Tucson City Councilman Steve Kozachik was sharper in his criticism of Ducey.

"Einstein's quote comes to mind," Kozachik said. "Doing the same thing again and again, but expecting a different result is the definition of insanity."

Ducey's attempt to block vaccine mandates, Kozachik said was "illegal last month, it was illegal last week, and it's illegal now, and we're going to keep pushing forward to protect people."

"Ducey's trying to show concern about COVID's escalation, but to then throw in caveat that we're going to handcuff you, and block mandating the only reasonable action to curtail this thing? It's ignorance and hypocrisy combined, and I'm not sure which side of the scale is heavier."

Kozachik said that Ducey should show "some compassion" to healthcare workers who have been fighting the novel coronavirus in full protective gear, while watching "this political football get kicked back and forth."

"We're following the science," Kozachik said, adding that the new variant of the novel coronavirus, dubbed Omicron, is here.

"We know it," he said, "but, even without that—I keep the numbers in my newsletter—first week in June, we had 130 new COVID cases. Every week since October, we've had over 2,500 new cases. And, two weeks ago it was over 4,000."

"We're a factor of 30 higher than we were in the first week of June," Kozachik said, and he worried about how people continued to act as if the disease wasn't present, noting the large crowds "crammed" into McKale Center for the University of Arizona's men's basketball games. "This is worse than it was a year ago when we were shut down," he said, arguing that UA should shift back to online classes like other schools including Cornell University and Notre Dame.

"From a number standpoint, we're exactly where we were last year," he said. "The only difference is we have a solution, which is the vaccines."

Ducey's order requires hospitals to report every day at noon a series of metrics, including how many ventilators are in use, the number of ICU beds in use, and how many people are waiting for transfer out of the system beyond 24 hours. The new surveillance order also requires hospitals to report how many intubations are performed for respiratory diseases, and how many COVID-19 patients are discharged per day.

The order also requires hospitals to tell ADHS how many extracorporeal membrane oxygenation machines are in use. The machines, known as ECMOs, help support people enduring often profound respiratory distress by drawing blood from the body, forcing oxygen into the cells, and then returning that oxygenated blood. ECMO machines have been used to help people as a treatment when ventilators have failed, and in recent weeks, Arizona hospitals have warned that few ECMO machines are available because of the rise in COVID-19 cases over the fall and into the winter.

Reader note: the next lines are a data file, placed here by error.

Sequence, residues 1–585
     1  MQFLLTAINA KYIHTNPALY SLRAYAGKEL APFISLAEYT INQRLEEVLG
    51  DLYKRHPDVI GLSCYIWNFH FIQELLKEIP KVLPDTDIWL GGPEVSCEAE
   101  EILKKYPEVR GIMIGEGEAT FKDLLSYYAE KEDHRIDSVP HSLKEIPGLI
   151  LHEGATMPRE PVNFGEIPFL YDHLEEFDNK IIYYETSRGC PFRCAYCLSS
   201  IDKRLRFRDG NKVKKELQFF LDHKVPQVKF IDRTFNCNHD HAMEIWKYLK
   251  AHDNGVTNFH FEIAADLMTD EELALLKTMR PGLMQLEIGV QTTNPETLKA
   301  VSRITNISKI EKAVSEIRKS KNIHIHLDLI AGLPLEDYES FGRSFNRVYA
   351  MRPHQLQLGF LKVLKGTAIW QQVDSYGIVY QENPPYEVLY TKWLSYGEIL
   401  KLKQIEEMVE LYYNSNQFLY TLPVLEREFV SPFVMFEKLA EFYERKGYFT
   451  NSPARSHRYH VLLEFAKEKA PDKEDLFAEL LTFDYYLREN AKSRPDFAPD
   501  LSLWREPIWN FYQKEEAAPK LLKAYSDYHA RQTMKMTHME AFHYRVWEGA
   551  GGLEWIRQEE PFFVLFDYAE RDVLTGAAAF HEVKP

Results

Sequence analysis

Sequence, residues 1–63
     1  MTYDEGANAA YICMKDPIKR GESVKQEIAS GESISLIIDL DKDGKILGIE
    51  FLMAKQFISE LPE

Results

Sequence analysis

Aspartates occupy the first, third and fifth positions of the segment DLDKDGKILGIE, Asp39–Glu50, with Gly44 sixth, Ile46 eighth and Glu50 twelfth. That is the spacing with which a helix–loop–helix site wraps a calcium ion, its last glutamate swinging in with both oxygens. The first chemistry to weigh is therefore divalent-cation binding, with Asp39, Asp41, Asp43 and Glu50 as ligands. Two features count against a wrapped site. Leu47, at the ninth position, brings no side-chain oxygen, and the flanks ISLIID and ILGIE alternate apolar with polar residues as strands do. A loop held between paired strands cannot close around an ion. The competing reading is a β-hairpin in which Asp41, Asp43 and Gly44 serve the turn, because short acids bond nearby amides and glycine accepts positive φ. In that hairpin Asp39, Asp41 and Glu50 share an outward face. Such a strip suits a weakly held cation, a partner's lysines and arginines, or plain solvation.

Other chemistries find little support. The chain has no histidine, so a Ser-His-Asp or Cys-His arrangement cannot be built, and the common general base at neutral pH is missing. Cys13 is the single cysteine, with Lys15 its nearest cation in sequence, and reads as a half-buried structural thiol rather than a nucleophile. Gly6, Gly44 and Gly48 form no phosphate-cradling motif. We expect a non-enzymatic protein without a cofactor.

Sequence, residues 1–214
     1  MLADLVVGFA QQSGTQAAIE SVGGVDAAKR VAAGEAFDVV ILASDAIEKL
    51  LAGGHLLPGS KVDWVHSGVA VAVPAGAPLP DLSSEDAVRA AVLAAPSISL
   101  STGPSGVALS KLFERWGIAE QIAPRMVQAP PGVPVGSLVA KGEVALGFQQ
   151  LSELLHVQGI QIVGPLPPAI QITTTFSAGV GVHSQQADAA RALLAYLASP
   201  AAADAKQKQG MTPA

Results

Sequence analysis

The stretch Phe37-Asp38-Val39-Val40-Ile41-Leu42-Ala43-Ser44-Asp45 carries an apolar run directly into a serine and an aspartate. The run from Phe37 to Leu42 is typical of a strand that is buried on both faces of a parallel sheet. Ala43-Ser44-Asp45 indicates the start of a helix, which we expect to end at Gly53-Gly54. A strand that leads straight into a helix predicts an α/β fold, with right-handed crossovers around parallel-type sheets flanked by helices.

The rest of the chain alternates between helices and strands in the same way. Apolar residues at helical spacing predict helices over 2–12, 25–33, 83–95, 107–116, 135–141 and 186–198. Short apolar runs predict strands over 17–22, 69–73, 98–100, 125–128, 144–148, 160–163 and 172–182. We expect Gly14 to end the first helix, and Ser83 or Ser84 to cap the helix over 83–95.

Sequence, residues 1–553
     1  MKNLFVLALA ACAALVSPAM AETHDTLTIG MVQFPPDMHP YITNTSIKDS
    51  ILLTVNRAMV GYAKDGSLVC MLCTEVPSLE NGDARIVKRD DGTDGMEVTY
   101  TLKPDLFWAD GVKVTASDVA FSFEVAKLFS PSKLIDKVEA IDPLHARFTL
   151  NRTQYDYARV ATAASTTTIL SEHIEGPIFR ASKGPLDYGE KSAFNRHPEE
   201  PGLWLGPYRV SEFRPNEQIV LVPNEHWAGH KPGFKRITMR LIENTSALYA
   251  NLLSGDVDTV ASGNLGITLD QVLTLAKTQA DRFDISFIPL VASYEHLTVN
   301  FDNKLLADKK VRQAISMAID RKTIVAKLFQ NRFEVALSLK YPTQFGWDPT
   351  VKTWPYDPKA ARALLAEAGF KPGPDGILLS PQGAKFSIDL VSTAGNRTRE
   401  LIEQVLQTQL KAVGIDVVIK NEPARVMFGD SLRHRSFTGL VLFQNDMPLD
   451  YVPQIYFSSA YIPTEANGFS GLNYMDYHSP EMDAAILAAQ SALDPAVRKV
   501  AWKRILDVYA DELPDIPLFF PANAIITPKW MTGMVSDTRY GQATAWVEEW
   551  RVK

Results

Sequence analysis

Among other provisions, Ducey also made sure to note that if one part of his order was held invalid by a court, this would not affect the other provisions, a reference to the state's fight with the Biden administration over the federal government's move to require vaccinations for employers with more than 100 people, as well as federal contractors, and military personnel.

Arizona Attorney General Mark Brnovich has repeatedly attempted to challenge these mandates, leading one lawsuit that was immediately slapped down by a federal judge, while joining another involving nearly a dozen other Republican AGs in an attempt to void a mandate that requires health care workers to get vaccinated.

In a blog post, APHA said that Arizona has been experiencing  more than 200 COVID-19 deaths per week since August 22, rising to 300 deaths per week starting in mid-November.

"So far, 22,947 Arizonans have lost their lives to COVID-19 making it Arizona’s leading cause of death, the only state to achieve such a dubious distinction," Humble wrote. He said that other governors are implementing measures to mitigate the spread of COVID especially in light of decreasing hospital capacities, while Arizona's is "overwhelmed already and getting worse."

"Sadly, Gov. Ducey couldn’t care less and has no intention of doing anything whatsoever," Humble wrote.

APHA's mortality report published Thursday found that Arizona endured 36,000 excess deaths connected directly or indirectly to the COVID-19 pandemic, and that deaths in 2020 were 73 percent higher than they were in 2017 to 2019. The group warned that a limited number of vaccinations and the governor's "resistance" to implementing evidence-based interventions like universal indoor public masking requirements and vaccine mandates "will lead to many more preventable hospitalizations and deaths among Arizona residents."